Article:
“Image Sensing Systems, Inc. today announced that the DOJ has closed its inquiry into the Company in connection with the previously disclosed investigation of potential violations of the FCPA citing the Company’s voluntary disclosure, thorough investigation, cooperation and voluntary enhancements to its compliance program.  The SEC earlier notified the Company that it had closed its investigation under the FCPA without recommending enforcement action. Kris Tufto, Image Sensing Systems chief executive officer, commented, “We are very pleased to conclude the DOJ and SEC investigations without further action.  From the very beginning, we have voluntarily cooperated with the authorities and have worked diligently to implement measures to enhance our internal controls and compliance efforts. We understand that those efforts have been recognized and that the resolution of the investigation reflects this cooperation.”  As previously reported by Image Sensing Systems, it had learned in early 2013 that Polish authorities were conducting an investigation into alleged violations of Polish law by two employees of Image Sensing Systems Europe Limited SP.Z.O.O., its Polish subsidiary, who had been charged with criminal violations of certain laws related to a project in Poland. A special subcommittee of the audit committee of the board of directors immediately engaged outside counsel to conduct an internal investigation.  Image Sensing Systems voluntarily disclosed the matter to the DOJ and the SEC, and it has cooperated fully with those agencies in connection with their review.”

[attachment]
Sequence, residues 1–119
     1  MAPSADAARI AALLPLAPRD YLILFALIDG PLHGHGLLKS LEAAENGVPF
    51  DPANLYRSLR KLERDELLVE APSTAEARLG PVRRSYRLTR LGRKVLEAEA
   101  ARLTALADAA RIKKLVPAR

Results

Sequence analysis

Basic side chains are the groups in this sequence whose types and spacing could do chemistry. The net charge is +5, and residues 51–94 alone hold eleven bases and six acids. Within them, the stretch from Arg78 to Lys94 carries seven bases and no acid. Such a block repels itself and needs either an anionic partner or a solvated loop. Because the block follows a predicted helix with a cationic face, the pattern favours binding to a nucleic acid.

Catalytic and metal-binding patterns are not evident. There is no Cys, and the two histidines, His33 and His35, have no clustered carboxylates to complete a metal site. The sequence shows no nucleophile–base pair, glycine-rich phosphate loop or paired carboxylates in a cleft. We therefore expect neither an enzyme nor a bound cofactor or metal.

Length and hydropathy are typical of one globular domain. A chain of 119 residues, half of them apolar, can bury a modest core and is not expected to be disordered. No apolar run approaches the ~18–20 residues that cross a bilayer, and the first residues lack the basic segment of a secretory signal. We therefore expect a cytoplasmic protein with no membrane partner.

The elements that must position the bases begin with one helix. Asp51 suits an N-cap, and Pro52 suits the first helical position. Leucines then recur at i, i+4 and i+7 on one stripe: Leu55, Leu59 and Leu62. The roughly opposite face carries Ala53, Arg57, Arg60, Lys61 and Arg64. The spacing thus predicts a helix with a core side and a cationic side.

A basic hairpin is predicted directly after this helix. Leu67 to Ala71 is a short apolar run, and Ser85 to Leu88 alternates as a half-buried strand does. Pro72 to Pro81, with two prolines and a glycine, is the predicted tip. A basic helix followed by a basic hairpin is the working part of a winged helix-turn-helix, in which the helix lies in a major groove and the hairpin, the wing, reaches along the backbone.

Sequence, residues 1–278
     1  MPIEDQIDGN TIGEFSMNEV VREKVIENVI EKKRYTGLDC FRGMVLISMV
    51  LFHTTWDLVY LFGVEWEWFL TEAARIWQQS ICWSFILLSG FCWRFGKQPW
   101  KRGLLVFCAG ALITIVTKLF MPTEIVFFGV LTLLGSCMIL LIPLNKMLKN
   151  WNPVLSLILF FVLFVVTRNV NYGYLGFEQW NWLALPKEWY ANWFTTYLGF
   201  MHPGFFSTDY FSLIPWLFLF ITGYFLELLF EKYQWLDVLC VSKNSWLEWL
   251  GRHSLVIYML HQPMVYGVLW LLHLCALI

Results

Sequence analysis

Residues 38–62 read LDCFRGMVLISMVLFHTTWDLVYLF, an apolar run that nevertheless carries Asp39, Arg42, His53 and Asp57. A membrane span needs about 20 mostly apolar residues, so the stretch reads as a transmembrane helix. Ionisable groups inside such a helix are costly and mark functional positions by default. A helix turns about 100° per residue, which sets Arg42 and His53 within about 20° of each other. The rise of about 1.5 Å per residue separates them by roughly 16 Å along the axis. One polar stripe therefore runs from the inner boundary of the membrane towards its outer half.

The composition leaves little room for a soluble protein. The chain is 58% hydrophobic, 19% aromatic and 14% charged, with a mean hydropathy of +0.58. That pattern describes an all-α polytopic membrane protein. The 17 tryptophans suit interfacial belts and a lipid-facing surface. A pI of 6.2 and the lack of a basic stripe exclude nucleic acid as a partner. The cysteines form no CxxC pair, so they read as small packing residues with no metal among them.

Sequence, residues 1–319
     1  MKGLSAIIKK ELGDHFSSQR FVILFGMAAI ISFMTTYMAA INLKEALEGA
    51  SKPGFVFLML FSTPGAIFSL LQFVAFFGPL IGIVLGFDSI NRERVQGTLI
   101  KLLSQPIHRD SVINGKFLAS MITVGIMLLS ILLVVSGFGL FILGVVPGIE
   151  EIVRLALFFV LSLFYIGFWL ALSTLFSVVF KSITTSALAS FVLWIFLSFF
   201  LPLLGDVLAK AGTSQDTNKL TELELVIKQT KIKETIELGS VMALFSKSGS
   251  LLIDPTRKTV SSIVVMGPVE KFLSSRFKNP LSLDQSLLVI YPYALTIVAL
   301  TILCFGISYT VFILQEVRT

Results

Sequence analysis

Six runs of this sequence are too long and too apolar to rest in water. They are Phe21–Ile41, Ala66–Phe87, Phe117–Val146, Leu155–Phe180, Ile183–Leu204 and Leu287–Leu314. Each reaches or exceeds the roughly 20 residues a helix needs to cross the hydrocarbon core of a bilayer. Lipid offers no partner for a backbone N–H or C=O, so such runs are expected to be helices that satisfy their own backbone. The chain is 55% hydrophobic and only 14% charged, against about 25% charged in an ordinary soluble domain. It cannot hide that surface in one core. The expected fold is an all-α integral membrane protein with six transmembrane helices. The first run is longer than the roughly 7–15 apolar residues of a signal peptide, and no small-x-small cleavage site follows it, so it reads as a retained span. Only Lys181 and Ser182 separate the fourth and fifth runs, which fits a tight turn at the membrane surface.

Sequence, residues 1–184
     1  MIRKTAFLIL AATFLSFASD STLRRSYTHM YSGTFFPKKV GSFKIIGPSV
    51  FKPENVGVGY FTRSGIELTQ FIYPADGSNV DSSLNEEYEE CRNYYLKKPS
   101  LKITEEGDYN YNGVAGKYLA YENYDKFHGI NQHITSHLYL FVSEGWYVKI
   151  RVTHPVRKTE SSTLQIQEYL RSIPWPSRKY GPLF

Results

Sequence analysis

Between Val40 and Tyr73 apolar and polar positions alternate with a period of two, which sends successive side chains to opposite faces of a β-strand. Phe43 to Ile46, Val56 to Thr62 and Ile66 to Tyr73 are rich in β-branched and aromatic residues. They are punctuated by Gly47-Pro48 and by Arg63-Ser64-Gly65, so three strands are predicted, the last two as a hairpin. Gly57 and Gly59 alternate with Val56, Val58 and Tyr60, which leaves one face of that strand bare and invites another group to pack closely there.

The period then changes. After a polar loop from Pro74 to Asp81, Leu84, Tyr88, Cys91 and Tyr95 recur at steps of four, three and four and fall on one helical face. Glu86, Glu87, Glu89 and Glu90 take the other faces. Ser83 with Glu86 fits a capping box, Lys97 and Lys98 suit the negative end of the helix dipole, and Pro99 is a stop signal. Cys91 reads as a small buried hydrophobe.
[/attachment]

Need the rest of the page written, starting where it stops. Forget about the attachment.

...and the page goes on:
Regarding the previously announced U.K. criminal charges against Alstom (see here for the prior post), the U.K. Serious Fraud Office recently released this charge sheet detailing the charges in connection with alleged conduct in India, Poland and Tunisia.

Reading Stack

A very interesting read from the New York TimesForeign Powers By Influence at Think Tanks.”  The article begins as follows.

“More than a dozen prominent Washington research groups have received tens of millions of dollars from foreign governments in recent years while pushing United States government officials to adopt policies that often reflect the donors’ priorities, an investigation by The New York Times has found. The money is increasingly transforming the once-staid think-tank world into a muscular arm of foreign governments’ lobbying in Washington.”